An outage in #British Airways #computer has resulted in #flight delays in many parts of the world. Travellers were angry on this technical problem that resulted in hours long waits at airports. Some passengers also knew that the problem occurred globally. This problem comes after about a month after problem came in Delt that resulted in global computer outage and nearly 2,000 flight cancellations. Less than a month before that failure, Southwest Airlines also faced system failure resulting in more than 1,000 flight cancellations.
People facing problems due to technical problem in British Airways
People from different parts of the world have sent a number of messages to the twitter account of the company. Those messages and complaints are coming from people at airports including Chicago, Atlanta, Boston, Bahamas, and Mexico.
Passengers also faced longer than normal time for checking in at major London airports including Gatwick and Heathrow. Travellers in the U.S. stated that the representatives of British Airways told them that the system failure is there for hours and has affected the travellers throughout the world.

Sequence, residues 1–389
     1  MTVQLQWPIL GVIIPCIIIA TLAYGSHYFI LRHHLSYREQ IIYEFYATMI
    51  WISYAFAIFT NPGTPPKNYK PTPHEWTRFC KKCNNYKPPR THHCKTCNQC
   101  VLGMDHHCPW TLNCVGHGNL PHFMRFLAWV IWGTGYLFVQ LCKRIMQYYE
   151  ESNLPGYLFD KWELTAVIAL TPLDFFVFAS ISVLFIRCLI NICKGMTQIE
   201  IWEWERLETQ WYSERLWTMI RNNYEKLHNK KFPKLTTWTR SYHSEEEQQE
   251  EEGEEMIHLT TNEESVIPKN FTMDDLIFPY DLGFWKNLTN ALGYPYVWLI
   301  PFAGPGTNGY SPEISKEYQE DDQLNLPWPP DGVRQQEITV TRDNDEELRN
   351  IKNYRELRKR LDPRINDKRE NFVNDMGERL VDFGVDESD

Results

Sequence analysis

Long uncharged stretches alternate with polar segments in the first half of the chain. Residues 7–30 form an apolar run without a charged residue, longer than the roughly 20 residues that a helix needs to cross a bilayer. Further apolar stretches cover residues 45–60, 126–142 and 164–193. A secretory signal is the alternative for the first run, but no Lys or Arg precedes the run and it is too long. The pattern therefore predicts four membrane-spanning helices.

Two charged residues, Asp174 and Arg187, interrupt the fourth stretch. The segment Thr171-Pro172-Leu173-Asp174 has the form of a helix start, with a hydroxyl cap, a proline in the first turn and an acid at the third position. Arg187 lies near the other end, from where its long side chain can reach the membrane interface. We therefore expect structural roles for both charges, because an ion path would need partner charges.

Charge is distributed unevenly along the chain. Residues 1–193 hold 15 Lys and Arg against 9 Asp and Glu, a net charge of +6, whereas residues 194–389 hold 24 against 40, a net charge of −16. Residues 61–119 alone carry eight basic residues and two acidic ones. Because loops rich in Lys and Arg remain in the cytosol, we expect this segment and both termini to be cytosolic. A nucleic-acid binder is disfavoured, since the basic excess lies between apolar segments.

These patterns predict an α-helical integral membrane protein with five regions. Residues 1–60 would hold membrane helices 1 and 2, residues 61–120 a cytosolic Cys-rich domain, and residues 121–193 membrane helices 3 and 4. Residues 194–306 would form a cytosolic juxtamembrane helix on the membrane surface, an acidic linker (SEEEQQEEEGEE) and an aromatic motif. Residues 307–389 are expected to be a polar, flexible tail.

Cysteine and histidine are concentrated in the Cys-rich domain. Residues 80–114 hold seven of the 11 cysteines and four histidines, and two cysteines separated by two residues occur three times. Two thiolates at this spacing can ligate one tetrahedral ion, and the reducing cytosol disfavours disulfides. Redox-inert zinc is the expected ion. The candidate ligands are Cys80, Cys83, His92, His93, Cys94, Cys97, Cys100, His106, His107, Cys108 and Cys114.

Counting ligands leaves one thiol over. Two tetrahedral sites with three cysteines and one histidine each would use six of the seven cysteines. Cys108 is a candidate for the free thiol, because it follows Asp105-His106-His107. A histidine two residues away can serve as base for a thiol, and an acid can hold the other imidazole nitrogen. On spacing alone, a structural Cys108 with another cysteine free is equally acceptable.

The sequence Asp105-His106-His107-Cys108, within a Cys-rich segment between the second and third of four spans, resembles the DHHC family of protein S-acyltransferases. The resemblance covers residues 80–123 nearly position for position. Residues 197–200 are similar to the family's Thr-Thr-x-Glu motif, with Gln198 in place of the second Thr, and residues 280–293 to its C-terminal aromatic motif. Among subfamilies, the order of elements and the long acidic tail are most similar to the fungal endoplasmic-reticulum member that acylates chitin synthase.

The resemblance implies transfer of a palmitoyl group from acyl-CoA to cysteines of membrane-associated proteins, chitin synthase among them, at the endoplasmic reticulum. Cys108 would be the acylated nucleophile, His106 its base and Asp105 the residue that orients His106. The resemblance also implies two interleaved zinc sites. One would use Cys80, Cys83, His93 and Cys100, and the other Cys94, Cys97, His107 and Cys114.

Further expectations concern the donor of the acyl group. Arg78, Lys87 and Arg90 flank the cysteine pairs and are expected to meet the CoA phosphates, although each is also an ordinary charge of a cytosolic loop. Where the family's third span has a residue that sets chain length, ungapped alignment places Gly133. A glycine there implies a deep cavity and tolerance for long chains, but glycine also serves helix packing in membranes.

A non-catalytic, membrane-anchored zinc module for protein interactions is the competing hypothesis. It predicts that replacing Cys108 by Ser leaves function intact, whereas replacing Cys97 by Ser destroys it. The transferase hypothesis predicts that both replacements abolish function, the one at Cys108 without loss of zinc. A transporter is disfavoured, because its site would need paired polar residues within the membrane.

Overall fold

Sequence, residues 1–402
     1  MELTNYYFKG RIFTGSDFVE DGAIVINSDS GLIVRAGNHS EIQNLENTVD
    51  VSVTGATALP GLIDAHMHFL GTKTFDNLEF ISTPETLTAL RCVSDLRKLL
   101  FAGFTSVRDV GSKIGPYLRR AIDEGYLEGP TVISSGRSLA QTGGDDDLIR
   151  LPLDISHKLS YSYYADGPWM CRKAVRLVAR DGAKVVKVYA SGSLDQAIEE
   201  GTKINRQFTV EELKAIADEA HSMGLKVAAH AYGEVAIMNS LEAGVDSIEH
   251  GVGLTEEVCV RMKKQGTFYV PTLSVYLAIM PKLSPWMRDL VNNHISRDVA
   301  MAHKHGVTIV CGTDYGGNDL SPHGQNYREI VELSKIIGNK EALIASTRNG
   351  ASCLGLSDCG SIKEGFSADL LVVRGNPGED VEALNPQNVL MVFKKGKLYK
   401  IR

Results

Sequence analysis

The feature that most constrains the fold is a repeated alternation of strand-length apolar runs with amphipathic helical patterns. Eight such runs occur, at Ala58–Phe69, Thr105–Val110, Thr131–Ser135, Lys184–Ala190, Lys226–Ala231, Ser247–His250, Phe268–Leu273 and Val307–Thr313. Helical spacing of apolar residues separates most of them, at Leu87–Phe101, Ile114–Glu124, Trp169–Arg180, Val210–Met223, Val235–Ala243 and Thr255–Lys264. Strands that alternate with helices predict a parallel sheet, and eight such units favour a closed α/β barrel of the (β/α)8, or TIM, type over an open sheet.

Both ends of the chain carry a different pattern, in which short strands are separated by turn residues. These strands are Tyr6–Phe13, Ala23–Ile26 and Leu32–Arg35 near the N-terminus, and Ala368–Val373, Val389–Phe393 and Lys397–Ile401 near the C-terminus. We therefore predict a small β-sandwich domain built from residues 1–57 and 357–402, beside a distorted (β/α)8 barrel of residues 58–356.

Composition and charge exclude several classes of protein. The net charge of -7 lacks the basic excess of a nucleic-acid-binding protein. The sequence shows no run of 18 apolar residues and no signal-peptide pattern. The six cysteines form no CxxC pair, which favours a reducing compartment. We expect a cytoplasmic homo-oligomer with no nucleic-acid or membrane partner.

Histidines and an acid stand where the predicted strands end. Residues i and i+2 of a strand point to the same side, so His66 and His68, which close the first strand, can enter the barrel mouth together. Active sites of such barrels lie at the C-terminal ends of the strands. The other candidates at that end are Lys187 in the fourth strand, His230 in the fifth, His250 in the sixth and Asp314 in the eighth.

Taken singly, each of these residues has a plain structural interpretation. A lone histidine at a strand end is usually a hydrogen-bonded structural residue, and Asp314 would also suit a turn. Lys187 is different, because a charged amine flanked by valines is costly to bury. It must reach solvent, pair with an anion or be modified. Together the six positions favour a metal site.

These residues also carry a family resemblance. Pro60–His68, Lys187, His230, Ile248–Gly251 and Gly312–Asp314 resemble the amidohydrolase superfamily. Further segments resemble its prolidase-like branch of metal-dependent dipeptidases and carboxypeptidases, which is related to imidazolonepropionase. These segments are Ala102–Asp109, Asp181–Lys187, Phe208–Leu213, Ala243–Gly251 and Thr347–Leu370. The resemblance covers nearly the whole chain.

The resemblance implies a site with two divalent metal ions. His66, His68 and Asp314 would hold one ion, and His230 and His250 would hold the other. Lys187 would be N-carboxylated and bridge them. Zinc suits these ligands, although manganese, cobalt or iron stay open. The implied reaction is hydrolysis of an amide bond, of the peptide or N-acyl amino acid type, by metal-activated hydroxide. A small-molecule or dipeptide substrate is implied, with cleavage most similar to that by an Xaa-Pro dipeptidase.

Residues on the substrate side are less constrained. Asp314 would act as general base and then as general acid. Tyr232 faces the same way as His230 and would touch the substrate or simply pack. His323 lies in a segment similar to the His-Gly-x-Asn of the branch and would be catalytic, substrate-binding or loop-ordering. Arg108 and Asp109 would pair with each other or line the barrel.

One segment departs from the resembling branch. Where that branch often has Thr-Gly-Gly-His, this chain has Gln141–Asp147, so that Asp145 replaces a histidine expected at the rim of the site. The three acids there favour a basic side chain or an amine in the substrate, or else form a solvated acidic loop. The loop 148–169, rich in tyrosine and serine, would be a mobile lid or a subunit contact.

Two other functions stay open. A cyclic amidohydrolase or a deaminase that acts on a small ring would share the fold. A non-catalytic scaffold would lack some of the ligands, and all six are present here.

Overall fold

"Apparently computers are taking the #LaborDay2016," tweeted Alex Kintzer with a photo of long line of people at San Francisco airport. It is still not clear, how many flights in the world have been affected.
Response of British Airways
International Airlines Group owned British Airways, which is the flag carrier and is the largest airline in UK. This well-reputed carrier has apologized passengers for the technical problem. In a tweet on twitter, which was a response to a passenger, British Airways wrote: “We apologise to our customers for the delay and we appreciate their patience as our IT teams work to resolve this issue.”
The airline also added, “Our colleagues are doing everything possible to check in customers for their journey.”
In a letter to Alex Kintzer, it was written, “At this time we are experiencing problems with the computer systems. As a result, in order to continue to check-in, in the absence of the computer system, we will be using a manual fallback process."
“Once we begin, check-in will be slower than normal, as information has to be recorded by hand. We are unable to ascertain a time when we might expect the systems to be functional again.”